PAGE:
|Nick Blacka of GoGo Penguin|
Photo credit: Adrian Pallant
Manchester Jazz Festival, 7 August 2015. Review by Adrian Pallant)
A sell-out crowd occupied the seats and lined the aisles of the Manchester Jazz Festival Pavilion to welcome home local heroes GoGo Penguin for a Friday evening’s blistering assault on the senses. The Festival's Artistic Director, Steve Mead, warned that the piano trio’s volume levels had risen since their last appearance – and it would appear that their confidence and dynamism have increased in tandem.
Double bassist Nick Blacka, drummer Rob Turner and pianist Chris Illingworth have, since their 2012 album debut Fanfares, been attracting growing cross-genre interest for their trance-like approach to jazz – and last year’s follow-up album v2.0 cemented their reputation as a successful post-EST ensemble who have worked hard at forging their own sound.
Newly-signed to Blue Note Records, with a recording pretty much in the can for release next year, the band road-tested some of this material in Manchester, along with some album favourites. The eagerness of the crowd’s deafening whoops and whistles at the end of their opening number was picked up by spokesperson Blacka, who commented that they’d just played their first number of the evening, not the last! High energy bass’n’drum grooves heralded-in familiar pieces such as One Percent and popular Garden Dog Barbecue, which reverberated to their thunderous, amplified rhythms; and the evolving, echoic piano soundscape of Murmuration sent shivers up the spine.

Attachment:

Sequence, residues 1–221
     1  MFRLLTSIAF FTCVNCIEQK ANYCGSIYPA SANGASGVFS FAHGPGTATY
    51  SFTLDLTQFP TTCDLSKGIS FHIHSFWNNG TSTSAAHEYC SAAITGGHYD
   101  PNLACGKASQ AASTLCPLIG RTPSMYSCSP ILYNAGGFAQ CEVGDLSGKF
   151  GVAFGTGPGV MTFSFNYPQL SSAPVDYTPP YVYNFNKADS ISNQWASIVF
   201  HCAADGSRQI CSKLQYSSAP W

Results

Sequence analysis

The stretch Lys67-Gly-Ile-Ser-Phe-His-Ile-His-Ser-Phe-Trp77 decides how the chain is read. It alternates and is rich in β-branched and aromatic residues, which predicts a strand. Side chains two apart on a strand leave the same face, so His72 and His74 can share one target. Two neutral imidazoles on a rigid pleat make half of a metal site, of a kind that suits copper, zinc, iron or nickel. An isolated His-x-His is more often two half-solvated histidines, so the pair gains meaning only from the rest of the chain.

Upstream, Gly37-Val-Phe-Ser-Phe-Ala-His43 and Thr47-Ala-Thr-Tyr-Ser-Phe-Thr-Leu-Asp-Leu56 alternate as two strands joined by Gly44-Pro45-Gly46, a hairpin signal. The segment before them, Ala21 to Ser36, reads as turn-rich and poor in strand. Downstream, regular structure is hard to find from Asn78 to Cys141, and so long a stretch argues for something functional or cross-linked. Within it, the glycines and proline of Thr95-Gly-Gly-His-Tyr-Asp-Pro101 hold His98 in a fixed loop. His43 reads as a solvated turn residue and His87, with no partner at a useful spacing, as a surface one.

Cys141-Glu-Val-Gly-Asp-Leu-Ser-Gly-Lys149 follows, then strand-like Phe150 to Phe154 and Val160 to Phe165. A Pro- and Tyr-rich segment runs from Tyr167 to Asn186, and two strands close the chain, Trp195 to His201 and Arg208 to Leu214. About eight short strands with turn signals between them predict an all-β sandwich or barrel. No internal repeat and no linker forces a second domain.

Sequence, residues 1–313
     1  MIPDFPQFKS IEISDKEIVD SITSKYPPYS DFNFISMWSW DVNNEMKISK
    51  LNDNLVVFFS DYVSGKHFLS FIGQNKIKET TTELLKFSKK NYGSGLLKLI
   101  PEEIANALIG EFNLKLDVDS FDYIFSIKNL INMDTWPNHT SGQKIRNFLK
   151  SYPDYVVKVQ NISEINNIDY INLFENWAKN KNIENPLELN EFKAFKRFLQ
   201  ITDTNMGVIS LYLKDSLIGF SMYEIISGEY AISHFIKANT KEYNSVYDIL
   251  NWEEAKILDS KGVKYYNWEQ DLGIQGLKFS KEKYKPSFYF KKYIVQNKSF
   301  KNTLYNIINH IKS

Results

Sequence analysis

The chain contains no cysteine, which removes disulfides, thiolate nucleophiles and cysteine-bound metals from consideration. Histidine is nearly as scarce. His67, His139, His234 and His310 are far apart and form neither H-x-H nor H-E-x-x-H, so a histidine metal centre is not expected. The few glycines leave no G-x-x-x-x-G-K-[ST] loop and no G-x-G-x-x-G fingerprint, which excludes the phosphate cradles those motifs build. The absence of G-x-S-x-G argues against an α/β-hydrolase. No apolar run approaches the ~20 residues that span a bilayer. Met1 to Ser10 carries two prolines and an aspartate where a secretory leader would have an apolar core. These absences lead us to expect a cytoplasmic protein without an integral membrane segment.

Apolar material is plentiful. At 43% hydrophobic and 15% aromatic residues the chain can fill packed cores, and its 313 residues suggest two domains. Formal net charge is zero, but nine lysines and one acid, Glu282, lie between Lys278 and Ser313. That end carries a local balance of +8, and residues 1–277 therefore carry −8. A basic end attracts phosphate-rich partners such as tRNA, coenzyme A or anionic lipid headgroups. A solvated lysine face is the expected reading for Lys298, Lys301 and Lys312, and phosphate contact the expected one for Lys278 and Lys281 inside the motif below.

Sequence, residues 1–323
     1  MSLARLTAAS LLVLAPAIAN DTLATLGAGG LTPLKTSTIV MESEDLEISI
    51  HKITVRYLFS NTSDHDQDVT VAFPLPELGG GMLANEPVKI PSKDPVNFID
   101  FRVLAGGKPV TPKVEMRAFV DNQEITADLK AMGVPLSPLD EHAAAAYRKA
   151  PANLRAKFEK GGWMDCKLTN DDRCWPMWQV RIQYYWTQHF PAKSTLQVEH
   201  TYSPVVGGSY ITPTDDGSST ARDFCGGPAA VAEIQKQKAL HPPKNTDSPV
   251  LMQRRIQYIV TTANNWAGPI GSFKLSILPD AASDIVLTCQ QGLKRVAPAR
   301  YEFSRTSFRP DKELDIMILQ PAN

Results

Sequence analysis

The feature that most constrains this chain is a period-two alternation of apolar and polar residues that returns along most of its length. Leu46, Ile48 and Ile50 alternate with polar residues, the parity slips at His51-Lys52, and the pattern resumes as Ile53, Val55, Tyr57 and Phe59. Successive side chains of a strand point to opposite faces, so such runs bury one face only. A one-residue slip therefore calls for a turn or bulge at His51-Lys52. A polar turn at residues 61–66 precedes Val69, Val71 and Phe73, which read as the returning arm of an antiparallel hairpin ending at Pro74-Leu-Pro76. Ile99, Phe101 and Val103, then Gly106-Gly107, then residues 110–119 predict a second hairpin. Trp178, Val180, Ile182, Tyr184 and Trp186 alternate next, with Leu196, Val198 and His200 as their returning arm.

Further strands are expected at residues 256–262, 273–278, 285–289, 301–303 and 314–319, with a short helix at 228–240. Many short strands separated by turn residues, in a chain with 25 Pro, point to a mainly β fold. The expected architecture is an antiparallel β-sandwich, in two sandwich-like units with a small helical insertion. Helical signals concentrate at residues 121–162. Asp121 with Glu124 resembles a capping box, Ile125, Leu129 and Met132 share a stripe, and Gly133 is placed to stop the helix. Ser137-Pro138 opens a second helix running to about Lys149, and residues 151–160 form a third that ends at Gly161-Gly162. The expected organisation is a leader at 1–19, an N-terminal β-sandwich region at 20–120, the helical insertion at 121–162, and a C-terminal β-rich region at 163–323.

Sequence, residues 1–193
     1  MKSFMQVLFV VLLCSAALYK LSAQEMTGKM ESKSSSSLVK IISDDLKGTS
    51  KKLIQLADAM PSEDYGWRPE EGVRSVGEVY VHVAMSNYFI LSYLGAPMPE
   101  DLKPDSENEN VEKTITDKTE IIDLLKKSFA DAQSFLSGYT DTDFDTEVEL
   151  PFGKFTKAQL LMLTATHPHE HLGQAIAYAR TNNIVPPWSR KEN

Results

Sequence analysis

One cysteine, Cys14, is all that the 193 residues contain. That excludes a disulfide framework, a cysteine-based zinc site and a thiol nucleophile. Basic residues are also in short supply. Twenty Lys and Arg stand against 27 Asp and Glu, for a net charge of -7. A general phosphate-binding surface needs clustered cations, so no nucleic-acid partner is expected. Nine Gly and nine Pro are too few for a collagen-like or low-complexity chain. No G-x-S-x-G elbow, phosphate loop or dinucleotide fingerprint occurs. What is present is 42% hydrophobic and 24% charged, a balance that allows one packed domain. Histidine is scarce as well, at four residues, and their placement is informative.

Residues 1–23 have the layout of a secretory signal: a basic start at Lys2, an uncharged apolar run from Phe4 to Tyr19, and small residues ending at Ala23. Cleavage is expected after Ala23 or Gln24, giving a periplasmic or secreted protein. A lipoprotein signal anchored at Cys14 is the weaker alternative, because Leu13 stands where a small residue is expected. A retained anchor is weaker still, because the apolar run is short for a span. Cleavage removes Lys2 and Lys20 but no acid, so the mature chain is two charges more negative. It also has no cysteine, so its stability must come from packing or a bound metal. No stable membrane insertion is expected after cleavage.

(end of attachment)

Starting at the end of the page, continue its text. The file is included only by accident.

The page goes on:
Nick Blacka is very much the kingpin of this trio, his percussive strength and high fingerboard dexterity producing some engaging improvisation (at times, his rasping attack goes even beyond electric bass resonances and more towards Hendrix); and Rob Turner has to be one of the most metronomically complex drummers to watch, with intricate dance-beat detail and sudden-death endings (eyes seemingly closed in meditation) timed to perfection. Chris Illingworth – as chief melodicist, perhaps the quieter personality – produces audacious, high piano octave riffs and grooving low-end chords, completing a soundworld so absolute that it’s difficult to envisage a fourth instrument ever breaking in. And it would be unsurprising if the majestic serenity of their broad, atmospheric landscapes found its way into movie-drama soundtracks. Previews of new album numbers, including Manmade Object, were delivered with brilliant precision, despite Blacka intimating that they were still perfecting them.
Deafening appreciation throughout this two-part gig confirmed the wideness of GoGo Penguin’s appeal. With numerous international live appearances booked throughout 2015 and into 2016 (Barbican, London, already sold out for November!), these are certainly exciting times for the Manchester trio – and deservedly so.
LINK: CD Review: v2.0